Friday marked the 65th anniversary of one of the greatest pitching performances in Georgia high school baseball history -- and the entire nation, as well.
Hugh Frank Radcliffe of Robert E. Lee Institute in Thomaston struck out 28 Lanier batters at the Silvertown Ball Park in a 10-0 Rebels win in a nine-inning game.
Twenty-eight strikeouts in a nine-inning game? Isnt that one too many? Follow along:
In that performance, Radcliffe, who was an all-state performer in basketball, football and track and field in addition to baseball, saw just four Poets batters reach base. Two reached on Lee errors, while another got on with a base hit.
The fourth runner to reach base? A passed ball on a third strike, which accounted for the extra strikeout.
Lanier made contact with just 10 of his pitches. In addition to the base hit and two errors, Radcliffe also had seven pitches fouled off.
That Lanier team was no slouch, either. The Poets were runners-up in the GHSA Class AA playoffs later that season. They featured Inman Coot Veal, who went on to enjoy six years in the big leagues, playing for the Tigers, Senators sand Pirates.
Radcliffe, who led Thomaston to the American Legion state and regional titles in 1946, had two seven-inning no-hitters as a senior. In his final year at Lee, in which he went 9-0, he struck out 210 batters in 81-2/3 innings and allowed just 16 base hits. In three nine-inning games, he averaged 24-plus strikeouts and allowed only three earned runs.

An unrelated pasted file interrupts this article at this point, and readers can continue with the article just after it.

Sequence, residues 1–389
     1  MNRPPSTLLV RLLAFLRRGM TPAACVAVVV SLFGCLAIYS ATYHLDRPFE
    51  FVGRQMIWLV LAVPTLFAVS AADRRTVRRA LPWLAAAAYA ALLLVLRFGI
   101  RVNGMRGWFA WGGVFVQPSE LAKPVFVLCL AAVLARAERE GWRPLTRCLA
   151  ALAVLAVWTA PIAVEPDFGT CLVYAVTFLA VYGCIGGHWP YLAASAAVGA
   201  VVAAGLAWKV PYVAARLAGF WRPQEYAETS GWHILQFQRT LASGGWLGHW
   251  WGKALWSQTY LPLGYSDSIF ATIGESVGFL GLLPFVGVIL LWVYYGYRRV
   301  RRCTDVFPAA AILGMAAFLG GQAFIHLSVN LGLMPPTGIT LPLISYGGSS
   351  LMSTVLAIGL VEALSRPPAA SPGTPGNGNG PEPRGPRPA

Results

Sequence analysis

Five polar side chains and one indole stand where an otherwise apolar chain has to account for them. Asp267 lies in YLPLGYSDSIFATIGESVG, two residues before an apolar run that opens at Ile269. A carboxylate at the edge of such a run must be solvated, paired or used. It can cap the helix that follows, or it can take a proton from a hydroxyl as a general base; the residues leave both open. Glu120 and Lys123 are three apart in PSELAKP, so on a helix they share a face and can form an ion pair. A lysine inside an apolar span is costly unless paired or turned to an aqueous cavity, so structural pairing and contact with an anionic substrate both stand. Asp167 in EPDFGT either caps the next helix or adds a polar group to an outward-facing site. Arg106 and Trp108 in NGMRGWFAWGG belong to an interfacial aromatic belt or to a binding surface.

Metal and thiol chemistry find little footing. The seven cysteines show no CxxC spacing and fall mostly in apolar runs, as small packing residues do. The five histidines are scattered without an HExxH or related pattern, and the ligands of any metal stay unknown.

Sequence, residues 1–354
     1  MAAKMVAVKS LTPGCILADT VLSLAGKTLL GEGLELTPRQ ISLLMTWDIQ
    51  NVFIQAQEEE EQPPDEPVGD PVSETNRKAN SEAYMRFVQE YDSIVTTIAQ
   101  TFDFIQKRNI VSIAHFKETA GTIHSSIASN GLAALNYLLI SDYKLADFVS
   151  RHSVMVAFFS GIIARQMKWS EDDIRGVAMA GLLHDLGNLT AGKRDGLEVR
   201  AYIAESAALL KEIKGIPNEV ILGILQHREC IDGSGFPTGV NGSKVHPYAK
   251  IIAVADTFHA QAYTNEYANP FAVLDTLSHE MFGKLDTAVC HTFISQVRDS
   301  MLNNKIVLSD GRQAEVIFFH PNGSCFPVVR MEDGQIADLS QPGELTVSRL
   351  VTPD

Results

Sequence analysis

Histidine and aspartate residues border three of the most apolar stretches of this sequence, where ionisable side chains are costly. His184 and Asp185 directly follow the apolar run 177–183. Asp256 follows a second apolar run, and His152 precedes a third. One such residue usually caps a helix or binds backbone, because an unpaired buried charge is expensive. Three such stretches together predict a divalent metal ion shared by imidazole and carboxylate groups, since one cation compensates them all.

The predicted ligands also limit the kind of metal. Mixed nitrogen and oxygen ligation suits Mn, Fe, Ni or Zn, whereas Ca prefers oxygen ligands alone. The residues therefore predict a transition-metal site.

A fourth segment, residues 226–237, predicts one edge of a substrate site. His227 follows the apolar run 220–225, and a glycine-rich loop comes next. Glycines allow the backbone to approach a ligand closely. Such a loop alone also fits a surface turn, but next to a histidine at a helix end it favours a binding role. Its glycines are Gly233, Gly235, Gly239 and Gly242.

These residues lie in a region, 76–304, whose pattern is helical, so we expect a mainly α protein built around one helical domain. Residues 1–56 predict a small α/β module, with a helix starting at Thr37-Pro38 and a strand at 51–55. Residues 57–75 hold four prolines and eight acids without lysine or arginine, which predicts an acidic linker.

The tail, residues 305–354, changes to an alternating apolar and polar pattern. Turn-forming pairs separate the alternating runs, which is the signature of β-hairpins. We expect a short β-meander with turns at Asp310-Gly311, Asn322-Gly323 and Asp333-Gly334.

As would be expected, major league teams took notice of Radcliffe, and he was signed to a $40,000 bonus by the Philadelphia Phillies. That is roughly equivalent to $400,000 in todays dollars when factoring in inflation.
Unfortunately, Radcliffe never experienced the success in pro ball that he had in high school.
He began his professional career with the Phillies Wilmington, Del., Class B minor-league team replacing Robin Roberts, who had been promoted to the majors the same day Radcliffe was called up. Radcliffe posted a 7-3 record with a 4.12 era in 16 games with Wilmington.
Radcliffe bounced around the minor leagues for seven seasons, playing with eight different teams at every level above Class D, but he never advanced to the majors. In those seven seasons, he compiled a 46-42 mark while posting winning records just two times.
Radcliffes mark, to the best of my knowledge, has never been matched. But Ron Necciai came close in 1952, pitching for the Bristol Twins in the Class D Appalachian State League. He struck out 27 Welch Miners batters while pitching a no-hitter. But that game was far from perfect, as he hit a batter, walked one, one reached on an error and another on a strikeout-passed ball.
Necciai had 24 strikeouts in his next outing.
Unlike Radcliffe, Necciai did make it to the major leagues, pitching for the Pirates for one season and compiling a 1-6 record with a 7.08 ERA, recording 31 strikeouts and allowing 32 walks in 54 innings pitched.
The all-time record for strikeouts in a major league game is held by Georgia native Tom Cheney of Morgan, who struck out 21 Baltimore Orioles in a 16-inning performance in 1962.
The nine-inning record of 20 is shared by Kerry Wood of the Cubs and Roger Clemens of the Red Sox. Clemens did it twice against the Mariners in 1986 and the Tigers in 1996, while Wood struck out 20 Houston Astros in 1998.
Bobby Pope is the executive director of the Georgia Sports Hall of Fame. Contact him at firstname.lastname@example.org